Every once in a while someone mistakes Scott for a food expert and risks ruining dinner by trusting him to answer to a burning question. Got a question about food or restaurants? Send it via Twitter @scottreitz, Facebook at /cityofate or in the comments.
Here's a question I got a while back on Twitter, from user @HeyItsHigbe:
Let's ask Twitter: @HeadPantsNow and I are in DIRE NEED of a good gyro. Who's your go-to for this? cc @cityofate
There's an imaginary go-to I've fashioned from past memories. In this fantasy a tiny Greek lady, age 108, comes into a small cafe early each morning and pulls bins of meat from the walk-in. The plastic containers contain beef and lamb, pounded thin and marinated in lemon juice, olive oil, oregano, cilantro, tarragon, mint and garlic, and the old lady spends her morning impaling alternate slices until she's built a tower of meat. You can read about this sandwich, the real gyro, here if you're interested. This is the gyro of my dreams. And sadly, I'm rather certain it does not exist in Dallas. It may not exist in all of Texas.
It should. If any restaurant in Dallas would make the above sandwich, food writers from all over the state would come to gush about it. They'd hands down have the best gyro Texas has ever seen. They'd have my business once a week. I might even set up a blog devoted to nothing but their perfect sandwich. Consider this an open letter to the Greek restaurants of Dallas. Build this and I will come.
But enough about what we can't have. Here's what we can.
The New York Times ran an article once about the history of the gyro in America. They even put together a video short that shows the familiar meat cones being processed at Kronos in Chicago (watch at your own risk). All the gyros I tried in Dallas are made from meat processed in this way. They all used store-bought bread. They all came with tzatziki. They all came with garnishes. Really, there were only subtle differences in how the ingredients are put together. So here's the play-by-play. Use the photos and descriptions to choose your own go-to.
Greek Festival Gyro pictured above This is perhaps my favorite. And it marks the second time Dallas' best sandwich can only be had at a special event. (Remember that State Fair Cuban?) Fair workers sliced meat from one of three cones before using a sauté pan to put a little color on the stuff before they tossed it into a pillowy flat bread with yellow onions, fresh tomatoes and an unmemorable tzatziki. Come to think of it, this may be my favorite because I ate it outside in the summer with an ice-cold beer.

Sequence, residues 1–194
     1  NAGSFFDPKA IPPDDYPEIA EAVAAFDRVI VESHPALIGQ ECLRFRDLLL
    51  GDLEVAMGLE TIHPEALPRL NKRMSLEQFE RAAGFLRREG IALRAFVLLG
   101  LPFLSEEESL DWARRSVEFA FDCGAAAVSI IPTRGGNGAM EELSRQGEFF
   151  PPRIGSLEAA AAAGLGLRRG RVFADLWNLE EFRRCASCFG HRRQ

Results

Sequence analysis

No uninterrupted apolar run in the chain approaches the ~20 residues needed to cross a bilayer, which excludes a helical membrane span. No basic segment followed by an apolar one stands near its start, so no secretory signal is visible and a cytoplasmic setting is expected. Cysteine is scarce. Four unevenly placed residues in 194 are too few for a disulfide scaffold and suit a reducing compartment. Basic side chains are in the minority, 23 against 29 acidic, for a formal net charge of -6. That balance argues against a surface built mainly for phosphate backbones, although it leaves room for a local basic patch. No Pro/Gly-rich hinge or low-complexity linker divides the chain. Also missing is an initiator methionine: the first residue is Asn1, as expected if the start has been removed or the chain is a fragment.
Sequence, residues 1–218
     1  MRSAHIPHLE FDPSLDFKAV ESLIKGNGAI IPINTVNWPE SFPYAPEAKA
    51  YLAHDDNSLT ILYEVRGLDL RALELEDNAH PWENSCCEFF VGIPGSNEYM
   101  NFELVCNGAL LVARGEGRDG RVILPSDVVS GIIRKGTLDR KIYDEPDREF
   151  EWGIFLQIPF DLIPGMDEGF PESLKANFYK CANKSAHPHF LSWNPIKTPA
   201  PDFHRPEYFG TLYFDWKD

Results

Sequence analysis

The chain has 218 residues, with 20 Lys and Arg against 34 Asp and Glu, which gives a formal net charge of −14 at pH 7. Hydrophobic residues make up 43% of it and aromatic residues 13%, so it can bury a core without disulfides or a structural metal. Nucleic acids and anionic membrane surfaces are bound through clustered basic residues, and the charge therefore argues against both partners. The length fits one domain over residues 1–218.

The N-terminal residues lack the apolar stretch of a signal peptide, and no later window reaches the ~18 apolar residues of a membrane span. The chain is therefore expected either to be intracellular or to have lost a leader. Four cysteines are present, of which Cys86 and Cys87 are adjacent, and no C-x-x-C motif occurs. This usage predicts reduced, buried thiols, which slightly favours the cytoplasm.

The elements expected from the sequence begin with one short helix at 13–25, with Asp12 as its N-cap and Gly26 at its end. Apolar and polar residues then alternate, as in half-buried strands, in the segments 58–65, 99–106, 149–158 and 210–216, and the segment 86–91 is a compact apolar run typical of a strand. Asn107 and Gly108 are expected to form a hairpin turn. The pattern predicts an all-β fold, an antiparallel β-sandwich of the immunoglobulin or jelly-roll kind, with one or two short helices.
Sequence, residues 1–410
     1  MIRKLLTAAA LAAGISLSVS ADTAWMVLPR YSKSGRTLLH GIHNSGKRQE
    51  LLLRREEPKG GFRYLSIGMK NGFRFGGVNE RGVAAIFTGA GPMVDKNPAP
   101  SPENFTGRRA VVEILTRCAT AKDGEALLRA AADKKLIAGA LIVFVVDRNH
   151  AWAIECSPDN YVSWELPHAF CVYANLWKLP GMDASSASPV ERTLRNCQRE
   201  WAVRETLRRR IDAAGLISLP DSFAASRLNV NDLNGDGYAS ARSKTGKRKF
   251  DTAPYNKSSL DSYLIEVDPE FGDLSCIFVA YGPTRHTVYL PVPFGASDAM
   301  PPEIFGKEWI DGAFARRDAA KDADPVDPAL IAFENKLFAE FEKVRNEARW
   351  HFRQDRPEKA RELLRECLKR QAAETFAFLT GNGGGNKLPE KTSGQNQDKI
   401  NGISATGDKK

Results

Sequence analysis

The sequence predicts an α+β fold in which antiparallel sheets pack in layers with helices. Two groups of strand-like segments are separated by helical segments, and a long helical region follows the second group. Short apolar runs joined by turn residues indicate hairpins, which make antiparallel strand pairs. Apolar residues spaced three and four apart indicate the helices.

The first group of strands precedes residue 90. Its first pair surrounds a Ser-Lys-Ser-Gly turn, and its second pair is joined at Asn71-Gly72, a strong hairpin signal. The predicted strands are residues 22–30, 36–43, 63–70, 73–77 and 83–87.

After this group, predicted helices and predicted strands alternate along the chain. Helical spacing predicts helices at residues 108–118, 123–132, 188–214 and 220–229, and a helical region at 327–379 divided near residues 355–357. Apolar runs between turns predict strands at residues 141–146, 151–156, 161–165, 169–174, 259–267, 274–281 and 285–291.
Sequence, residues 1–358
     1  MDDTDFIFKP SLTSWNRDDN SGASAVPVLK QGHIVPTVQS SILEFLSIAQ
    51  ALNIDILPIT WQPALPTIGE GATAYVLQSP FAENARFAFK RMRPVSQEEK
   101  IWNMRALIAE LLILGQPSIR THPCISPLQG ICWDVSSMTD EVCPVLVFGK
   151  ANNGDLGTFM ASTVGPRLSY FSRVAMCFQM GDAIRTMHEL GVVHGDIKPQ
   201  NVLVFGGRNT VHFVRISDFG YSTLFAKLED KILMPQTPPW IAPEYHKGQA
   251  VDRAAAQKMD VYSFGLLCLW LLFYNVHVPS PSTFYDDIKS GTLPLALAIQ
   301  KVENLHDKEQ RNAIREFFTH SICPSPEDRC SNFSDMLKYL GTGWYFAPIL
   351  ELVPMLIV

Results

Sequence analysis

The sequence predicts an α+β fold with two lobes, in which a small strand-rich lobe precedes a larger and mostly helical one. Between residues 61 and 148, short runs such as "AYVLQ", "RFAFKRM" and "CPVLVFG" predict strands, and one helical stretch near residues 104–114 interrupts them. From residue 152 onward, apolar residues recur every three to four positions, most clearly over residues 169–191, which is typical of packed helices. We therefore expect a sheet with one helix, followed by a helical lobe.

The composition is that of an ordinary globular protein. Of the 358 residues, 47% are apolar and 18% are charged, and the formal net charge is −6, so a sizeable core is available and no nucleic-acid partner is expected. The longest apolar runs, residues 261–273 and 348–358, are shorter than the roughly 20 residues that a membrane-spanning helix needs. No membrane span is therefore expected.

Cafe Greek These guys make their own pita, but for whatever reason they use a store-bought round for their sandwiches. Their meat boasted a serious char that I liked, and the tzatziki, though bland and in need of more cucumber and herbs, was thick, strained Greek yogurt. They also use plenty of lettuce, tomato and red onion to dress their gyros.
Zorba's Greek Cafe This was my least favorite gyro. The sandwich was dry and uninspired, though the paper bag it came in was ... cute, I guess. Still, the differences were subtle. If I were stuck in Plano and needed a gyro, I would eat this again.
We Believe Local Journalism is Critical to the Life of a City
Engaging with our readers is essential to the Observer's mission. Make a financial contribution or sign up for a newsletter, and help us keep telling Dallas's stories with no paywalls.
Support Our Journalism
Stratos Greek Taverna This gyro is without a doubt the most pornographic of the bunch. After the kitchen slices meat from the cone, that meat spends some time in a sauté pan. The resultant slices are oily and laden with garlic. If you're a glutton you can order your sandwich with double meat. Nick Rallo did, and then he wished he hadn't. I found him weeping softly in the parking lot after I paid the bill.
This is not a gyro for daily eating, but if I were to have a last gyro, or I wanted to eat a gyro that would suppress gyro cravings for months at a time, this would be it. The tzatziki is loaded with cucumber, the tomatoes and onions are finely diced, and the buttery sandwich comes out so hot you have to wait to pick it up.
All of these sandwiches are fine, but I think one constructed from a freshly grilled chicken kebob would ultimately be more satisfying. Sadly, the processed chicken cone is just as prevalent here in Dallas. I'll save a kebab breakdown for another post. For now, I'm gyroed out.